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The Mass Media

Rice Pilaf and Broccoli Rabe

While I grew up on this version of rice pilaf, I only had broccoli rabe for the first time several weeks ago, when a friend suggested we make some to go with a vodka cream sauce we were making. I was completely surprised that broccoli had evolved to the point of incorporating spinach like leaves to please all of us who just can’t decide which vegetable we want for dinner. Sautéed up with some garlic, olive oil and salt, broccoli rabe makes an elegant, but simple dish that works well with nearly any starch.

The rice pilaf gets a flavor boost from the sautéed onions and the browning of the rice. If you enjoy the browned rice flavor, you can also try browning the rice before you add it to the onions. Heat the rice, stirring constantly, in a heavy non-stick frying pan over medium high heat until the rice turns golden brown. Set aside and continue with the recipe below.

The use of parmesan cheese in this recipe adds a sharpness to the dish that is also well complimented by white wine. If you want to add a few tablespoons of dry white wine to the vegetable stock, the flavors of your meal will mix perfectly with a chilled wine served with the dinner.

About the Ingredients:

Either extra virgin olive oil or regular olive oil will work fine for both the rice pilaf and the broccoli rabe, but extra virgin olive oil will give the broccoli rabe a subtle fruitiness that works well.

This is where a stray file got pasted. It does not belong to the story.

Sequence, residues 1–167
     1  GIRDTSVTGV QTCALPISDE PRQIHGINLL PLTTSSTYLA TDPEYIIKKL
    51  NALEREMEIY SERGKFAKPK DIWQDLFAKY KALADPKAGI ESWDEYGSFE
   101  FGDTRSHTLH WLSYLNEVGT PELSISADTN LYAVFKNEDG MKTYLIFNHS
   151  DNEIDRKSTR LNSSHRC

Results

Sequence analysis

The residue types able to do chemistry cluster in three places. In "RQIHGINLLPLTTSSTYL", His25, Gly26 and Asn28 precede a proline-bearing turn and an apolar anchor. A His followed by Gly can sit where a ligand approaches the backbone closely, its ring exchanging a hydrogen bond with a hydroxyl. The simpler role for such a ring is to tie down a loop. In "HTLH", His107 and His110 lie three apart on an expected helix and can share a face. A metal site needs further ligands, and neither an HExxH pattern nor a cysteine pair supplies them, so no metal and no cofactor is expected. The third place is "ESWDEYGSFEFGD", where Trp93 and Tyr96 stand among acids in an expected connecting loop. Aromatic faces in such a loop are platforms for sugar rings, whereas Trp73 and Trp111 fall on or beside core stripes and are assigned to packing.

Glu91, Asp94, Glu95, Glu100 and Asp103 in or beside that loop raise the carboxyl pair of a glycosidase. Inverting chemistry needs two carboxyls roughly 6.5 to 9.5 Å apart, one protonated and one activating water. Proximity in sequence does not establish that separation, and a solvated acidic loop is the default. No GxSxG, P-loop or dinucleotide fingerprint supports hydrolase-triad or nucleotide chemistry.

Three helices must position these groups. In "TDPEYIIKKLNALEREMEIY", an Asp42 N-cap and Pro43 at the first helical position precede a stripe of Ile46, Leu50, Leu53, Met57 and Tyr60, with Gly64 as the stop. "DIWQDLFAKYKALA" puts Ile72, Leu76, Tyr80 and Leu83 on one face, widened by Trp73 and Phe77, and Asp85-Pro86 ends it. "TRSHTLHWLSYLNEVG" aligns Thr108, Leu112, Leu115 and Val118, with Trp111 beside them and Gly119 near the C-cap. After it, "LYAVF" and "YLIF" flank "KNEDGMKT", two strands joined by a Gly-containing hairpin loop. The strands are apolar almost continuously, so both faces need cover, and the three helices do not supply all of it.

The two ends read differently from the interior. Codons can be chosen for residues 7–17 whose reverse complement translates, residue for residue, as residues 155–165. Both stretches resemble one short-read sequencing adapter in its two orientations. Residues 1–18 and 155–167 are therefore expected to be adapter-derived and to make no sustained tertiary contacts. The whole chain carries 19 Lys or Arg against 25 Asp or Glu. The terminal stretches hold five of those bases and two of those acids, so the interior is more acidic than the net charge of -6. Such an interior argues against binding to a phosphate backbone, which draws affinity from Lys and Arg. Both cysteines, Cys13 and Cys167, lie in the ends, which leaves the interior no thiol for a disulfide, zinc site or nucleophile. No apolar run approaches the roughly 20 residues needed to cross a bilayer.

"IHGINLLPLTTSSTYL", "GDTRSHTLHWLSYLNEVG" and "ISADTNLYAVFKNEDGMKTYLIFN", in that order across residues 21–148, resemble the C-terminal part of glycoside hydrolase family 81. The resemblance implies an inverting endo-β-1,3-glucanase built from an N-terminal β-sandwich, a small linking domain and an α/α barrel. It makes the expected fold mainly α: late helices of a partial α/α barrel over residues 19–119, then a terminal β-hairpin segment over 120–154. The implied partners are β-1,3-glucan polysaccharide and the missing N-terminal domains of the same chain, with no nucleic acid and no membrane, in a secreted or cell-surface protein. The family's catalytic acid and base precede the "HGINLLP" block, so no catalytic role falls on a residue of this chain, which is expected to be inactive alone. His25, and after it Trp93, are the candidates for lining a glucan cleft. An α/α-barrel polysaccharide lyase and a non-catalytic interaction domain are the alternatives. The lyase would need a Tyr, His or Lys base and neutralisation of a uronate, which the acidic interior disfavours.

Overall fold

Any type of long grain white rice works for this recipe, but make sure you don’t use minute rice or any other type of pre-cooked rice. Basmati rice can be used if you want a fragrant dish that is more out of the ordinary.

As I’ve mentioned several times, Knorr vegetable bouillon is my favorite, but any kind of vegetable stock works fine. If you don’t want to use vegetable stock, you can cook the rice in salted water, but the vegetable stock makes the flavors much more complex and satisfying. Grana Padano and Reggiano are the best kinds of parmesan cheese available. The Reggiano is somewhat grainy and has the flavor of wine, sharp but smooth. The Grana Padano is somewhat milder and cheaper, but still a very good parmesan cheese.

Broccoli rabe is available at most large supermarkets in the Boston area. It has numerous green leaves and small broccoli florets. To prepare the broccoli rabe for cooking, simply chop off the very bottoms of the green stalks and discard them. The rest of the stalks, leaves and flowers should be left whole.

Rice Pilaf

2 Tbsp. Olive Oil1 Medium Onion, chopped1 Cup Long Grain White Rice2 Cups Vegetable Stock1/4 Cup Parmesan Cheese, grated

Heat the olive oil in a large non-stick frying pan over medium heat. Sauté the onions, stirring frequently, until translucent. Add the rice and sauté, stirring frequently, for about 3 minutes, or until the rice begins to brown. Add the vegetable stock and bring to a boil. Reduce the heat to low and simmer, covered, for about 20 minutes, or until all of the liquid has been absorbed. Remove from the heat and add the grated parmesan cheese. Mix thoroughly and serve immediately with the broccoli rabe.

Broccoli Rabe

1 Bunch Broccoli Rabe1 Tbsp. Olive Oil2 Cloves Garlic, choppedKosher Salt

In a medium sized pot, bring about an inch of water to a boil. Chop off the bottoms of the broccoli rabe stalks and add to the pot. Simmer, covered, until the stalks are tender, about 2-3 minutes. Drain the broccoli rabe in a colander and heat the olive oil in the pot over medium low heat. Add the garlic and sauté, stirring constantly, for about a minute. Remove the pot from the heat and add the broccoli rabe and kosher salt to taste. Toss the broccoli rabe and serve immediately with the rice pilaf.